Week ending 25th June 2021.

After last week’s ‘dot plot’ shocker from the US central bank, all eyes were on this week’s UK monetary policy meeting and US PCE reading.

Thankfully, the Fed’s hawkishness was not endorsed by policymakers at the BoE, which left both interest rates and its asset-purchase (QE) target unchanged at £875bn.

Better still, policymakers were effectively all in agreement:  although the vote wasn’t unanimous, it was 8-1 as the outgoing Andy Haldane again dissented, but as he is leaving the BoE it is entirely possible that the vote becomes unanimous at the BoE’s next meeting on Thursday 5 August 2021.

And this voting margin tells us that policymakers thankfully aren’t in any rush to increase UK interest rates and therefore see the current inflation as transitory.  We believe that this is very positive (and sensible) given the uncertainties surrounding the unwinding of the job-retention (furlough) scheme in September (which may see unemployment rise); UK/EU trade tensions; and of course the current uptick in coronavirus infections.

World Markets at a Glance 250621

As for the US PCE (the Fed’s preferred inflation measure), it was again inflated by base effects.  However, while the year-on-year increase was in line with economist expectations at 3.4%, the month-on-month increase surprised on the downside at 0.5% versus expectations of an increase of 0.6%.  In our opinion, this is extremely positive for global equity markets as it shows that inflation isn’t running out of control and an increase in US interest rates is a long way away – and as such (as you can see from the accompanying table), equity markets recovered last week’s losses.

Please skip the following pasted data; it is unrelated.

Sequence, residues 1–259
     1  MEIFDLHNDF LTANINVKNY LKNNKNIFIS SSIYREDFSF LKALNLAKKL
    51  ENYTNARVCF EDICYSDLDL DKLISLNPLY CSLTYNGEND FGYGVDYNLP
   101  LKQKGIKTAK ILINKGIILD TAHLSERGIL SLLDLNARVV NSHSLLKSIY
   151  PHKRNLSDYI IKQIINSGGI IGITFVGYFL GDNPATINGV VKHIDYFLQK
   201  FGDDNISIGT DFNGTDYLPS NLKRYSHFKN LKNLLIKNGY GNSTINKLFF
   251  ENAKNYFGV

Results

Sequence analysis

Looking ahead, we have a relatively quiet economic calendar this week.  Of most interest will be Friday’s (2 July 2021) US unemployment data, which includes non-farm payrolls; unemployment rate; participation rate; and average earnings – especially as it comes ahead of a long Independence Day holiday weekend in the US.

Other data releases include:  US ISM (Institute for Supply Management); US & Eurozone consumer confidence; Eurozone CPI inflation; Japanese industrial production; and Chinese PMI (Purchasing Managers’ Index).  Additionally, we have an OPEC meeting – and with the price of a barrel of Brent currently just above pre-coronavirus levels at $75 due to recovering demand, the coalition may increase supplies which could help to contain inflationary worries.

Investment Management Team

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